Realm beyond understanding

Source: The Hitavada      Date: 07 Nov 2017 10:38:28


 

By Vijay Phanshikar,


 

 

 

Music seems to have evolved from
humanity’s search for that which lies beyond the realm of understanding. Therefore, the very existence of music can be related to god. ...

- From
A Southern Music - The Karnatic Story,
By T M Krishna,
Chapter 18 titled
‘The Shrine and the Song’, page 305,
Harper Collins Publishers India,
Paperback, 2017.

A FINE expression indeed -- beyond the realm of understanding!
Himself being a leading musician, Thodur Madabusi Krishna could delve deeper into the realm beyond understanding. His book is truly a masterpiece taking the reader into the panoramic world of Karnatic music,
presenting its story as only he could do. Even as he takes the reader into each available nuance of Karnatic music, T M Krishna communicates his inspired realisation that music emerges from a very special zone where human understanding has little role to play. That zone, that realm, that kingdom, belongs to gods, as he realises -- out of his own experience as a music maestro and also as a researcher as he puts together the seminal work.


... beyond the realm of understanding ...!
To this expression, one will turn again and again, not only at this moment but
subsequently in life as well. For, that is the realm which is all the time etched in human consciousness as an unspoken, unstated destination of the spiritual journey.
But then, this expression -- beyond the realm of understanding -- will need a little elaboration, of course. What does one mean by that? Can there be a realm beyond
understanding? Is there a zone where human consciousness travels beyond the conscious? For, the expression does imply so. It does denote a zone where human mind stops working, it becomes still, becomes a vacuum of sorts.
And in that vacuous realm comes alive a being without the trappings of being. Is this the state of samadhi the yogis experience?


Perhaps, yes. It may really be that very zone, that realm where even a hint of understanding ceases to be. In that realm, there is nothing related to operational aspect of human mind. For, when the mind understands, it is active. The realm beyond understanding, thus, means a zone where there are no boundaries, where there are no three-dimensional perceptions of depth and height and width, where there are no perceptions of bliss or blight, where there are no feelings of any sort. It is, thus, a realm beyond any activity of human mind. And, as the yogis have known, in such a realm, gods may be residing.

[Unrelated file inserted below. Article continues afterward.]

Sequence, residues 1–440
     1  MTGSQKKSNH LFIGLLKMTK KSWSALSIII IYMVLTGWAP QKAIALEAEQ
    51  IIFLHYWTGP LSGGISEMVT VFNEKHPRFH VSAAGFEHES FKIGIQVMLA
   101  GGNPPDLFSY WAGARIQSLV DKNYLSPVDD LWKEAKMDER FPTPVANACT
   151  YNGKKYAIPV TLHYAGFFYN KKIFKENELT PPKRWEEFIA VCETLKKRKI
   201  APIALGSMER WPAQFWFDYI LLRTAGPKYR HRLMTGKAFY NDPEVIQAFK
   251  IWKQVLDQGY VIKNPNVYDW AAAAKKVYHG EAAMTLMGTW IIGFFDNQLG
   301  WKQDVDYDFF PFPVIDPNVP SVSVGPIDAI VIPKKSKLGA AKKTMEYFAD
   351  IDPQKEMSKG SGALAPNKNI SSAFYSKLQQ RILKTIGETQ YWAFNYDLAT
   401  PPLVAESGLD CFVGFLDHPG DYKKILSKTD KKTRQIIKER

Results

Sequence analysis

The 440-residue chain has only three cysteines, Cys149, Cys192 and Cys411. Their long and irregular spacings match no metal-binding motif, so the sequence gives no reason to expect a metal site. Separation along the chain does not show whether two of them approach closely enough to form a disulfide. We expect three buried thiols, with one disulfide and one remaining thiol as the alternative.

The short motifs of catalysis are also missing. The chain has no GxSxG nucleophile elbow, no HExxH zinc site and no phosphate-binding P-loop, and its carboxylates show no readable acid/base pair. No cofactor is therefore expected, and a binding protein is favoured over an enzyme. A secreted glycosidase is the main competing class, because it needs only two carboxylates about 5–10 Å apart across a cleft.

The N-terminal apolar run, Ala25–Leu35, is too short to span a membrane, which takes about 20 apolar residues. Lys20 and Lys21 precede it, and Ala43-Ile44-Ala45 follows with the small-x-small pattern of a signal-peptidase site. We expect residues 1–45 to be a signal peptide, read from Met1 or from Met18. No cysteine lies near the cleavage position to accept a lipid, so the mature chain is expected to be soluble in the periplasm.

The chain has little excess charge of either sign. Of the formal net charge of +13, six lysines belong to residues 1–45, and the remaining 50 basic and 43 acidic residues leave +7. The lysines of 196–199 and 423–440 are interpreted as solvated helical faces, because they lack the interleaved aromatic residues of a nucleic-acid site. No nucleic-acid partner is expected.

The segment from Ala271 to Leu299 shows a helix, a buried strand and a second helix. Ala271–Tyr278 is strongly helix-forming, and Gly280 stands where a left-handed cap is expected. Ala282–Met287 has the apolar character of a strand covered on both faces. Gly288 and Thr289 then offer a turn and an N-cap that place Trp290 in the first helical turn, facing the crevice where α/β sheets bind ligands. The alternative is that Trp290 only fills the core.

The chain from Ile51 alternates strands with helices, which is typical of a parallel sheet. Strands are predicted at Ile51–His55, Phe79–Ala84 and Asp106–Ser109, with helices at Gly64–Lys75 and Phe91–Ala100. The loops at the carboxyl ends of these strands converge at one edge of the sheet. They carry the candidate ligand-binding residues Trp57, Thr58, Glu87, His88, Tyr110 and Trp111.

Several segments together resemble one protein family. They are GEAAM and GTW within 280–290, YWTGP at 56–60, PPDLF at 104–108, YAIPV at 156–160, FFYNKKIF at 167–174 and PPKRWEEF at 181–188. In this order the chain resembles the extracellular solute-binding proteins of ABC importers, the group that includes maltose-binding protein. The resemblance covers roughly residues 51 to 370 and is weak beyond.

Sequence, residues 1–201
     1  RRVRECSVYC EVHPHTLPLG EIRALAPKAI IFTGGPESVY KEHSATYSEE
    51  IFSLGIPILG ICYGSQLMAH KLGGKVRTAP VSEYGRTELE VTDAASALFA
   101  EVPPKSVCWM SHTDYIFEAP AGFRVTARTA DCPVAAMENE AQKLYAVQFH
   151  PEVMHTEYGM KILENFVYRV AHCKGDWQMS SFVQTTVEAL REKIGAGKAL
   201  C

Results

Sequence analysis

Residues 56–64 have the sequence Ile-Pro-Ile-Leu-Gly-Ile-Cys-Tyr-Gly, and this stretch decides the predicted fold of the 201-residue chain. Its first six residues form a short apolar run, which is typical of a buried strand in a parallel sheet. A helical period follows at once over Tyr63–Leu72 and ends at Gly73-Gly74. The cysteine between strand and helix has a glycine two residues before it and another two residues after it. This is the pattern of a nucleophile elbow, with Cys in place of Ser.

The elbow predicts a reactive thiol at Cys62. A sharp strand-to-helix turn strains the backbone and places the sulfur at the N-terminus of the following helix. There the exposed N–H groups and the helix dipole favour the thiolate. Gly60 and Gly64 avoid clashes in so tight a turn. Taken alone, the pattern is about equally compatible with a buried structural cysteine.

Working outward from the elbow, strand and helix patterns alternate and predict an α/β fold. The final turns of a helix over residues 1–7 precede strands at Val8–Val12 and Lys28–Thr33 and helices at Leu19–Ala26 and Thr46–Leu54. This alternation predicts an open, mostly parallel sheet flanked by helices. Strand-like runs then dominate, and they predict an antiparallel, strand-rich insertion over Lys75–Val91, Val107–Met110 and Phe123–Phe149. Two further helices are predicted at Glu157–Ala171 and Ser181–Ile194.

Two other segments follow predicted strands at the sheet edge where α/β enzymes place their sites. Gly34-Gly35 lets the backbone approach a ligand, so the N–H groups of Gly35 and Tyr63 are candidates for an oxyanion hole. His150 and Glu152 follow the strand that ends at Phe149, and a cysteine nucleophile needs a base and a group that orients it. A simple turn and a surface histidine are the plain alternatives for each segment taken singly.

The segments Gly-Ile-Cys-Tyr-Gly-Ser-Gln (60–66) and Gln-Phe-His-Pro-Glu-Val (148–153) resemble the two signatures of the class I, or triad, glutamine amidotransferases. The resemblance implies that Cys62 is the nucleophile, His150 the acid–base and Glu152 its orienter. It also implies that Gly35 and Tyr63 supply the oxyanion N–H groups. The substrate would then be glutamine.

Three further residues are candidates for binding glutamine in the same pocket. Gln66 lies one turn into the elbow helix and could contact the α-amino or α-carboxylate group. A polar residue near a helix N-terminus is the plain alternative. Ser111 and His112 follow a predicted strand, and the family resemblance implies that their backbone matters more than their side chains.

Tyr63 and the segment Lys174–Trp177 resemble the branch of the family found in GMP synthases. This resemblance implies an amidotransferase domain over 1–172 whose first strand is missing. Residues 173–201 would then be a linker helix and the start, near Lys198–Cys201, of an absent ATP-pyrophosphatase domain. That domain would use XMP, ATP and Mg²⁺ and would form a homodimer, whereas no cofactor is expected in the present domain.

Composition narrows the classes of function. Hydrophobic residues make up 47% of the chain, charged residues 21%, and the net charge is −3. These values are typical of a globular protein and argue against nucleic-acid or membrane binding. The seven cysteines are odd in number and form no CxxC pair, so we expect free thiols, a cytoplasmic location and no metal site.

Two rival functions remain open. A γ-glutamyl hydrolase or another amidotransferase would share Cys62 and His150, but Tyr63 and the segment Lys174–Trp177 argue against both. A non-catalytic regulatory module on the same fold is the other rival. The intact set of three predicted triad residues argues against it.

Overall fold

Music has the capacity to take one to such a realm. And that is the reason most people who have delved deep into music have felt that they travel closer to gods.
What power does music have! It has the capacity to take the listener to that realm where he crosses the barrier of understanding and travels into a zone of a total subjugation of all zest, a total satiation of all quest, a total sublimation of ...!


True, each piece of music does not have such power. For that stage to come, music will have to be produced out of Divine inspiration, not on the strength of the instruments or the musician but from the sublimated platform of almost a surreal being.


This is not a word-play, however. This is also not an effort to stretch an idea. This is an effort to sense the ‘insensable’, to understand something that is beyond understanding. This is an effort to decipher music’s expressed or unexpressed metaphor.


Haven’t we seen musicians travel to the borders of such a realm? Haven’t we seen Gaan Saraswati Kishori Amonkar, Pandit Bhimsen Joshi, Ustad Bade Ghulam Ali Khan, Pandit Ravi Shankar, American maestro Yehudi Menuhin -- just to name a few --


residing all the time on the outskirts of such a zone during concerts and during life? Haven’t we realised, sensed, that these and countless such people are often engaged in a
communion with that realm beyond understanding?


In the chapter ‘The Shrine and the Song’, T M Krishna talks of the religiosity of (Karnatic) music, its temple connection, its historical connect with tradition of gods etc. But even as he deals with multiple facets of the issue, he cannot stop himself from arriving at the inevitable conclusion that music, after all, is a journey that has the capacity to take the practitioner and the listener into that realm that exists far beyond human understanding, beyond human consciousness, into the zone of samadhi!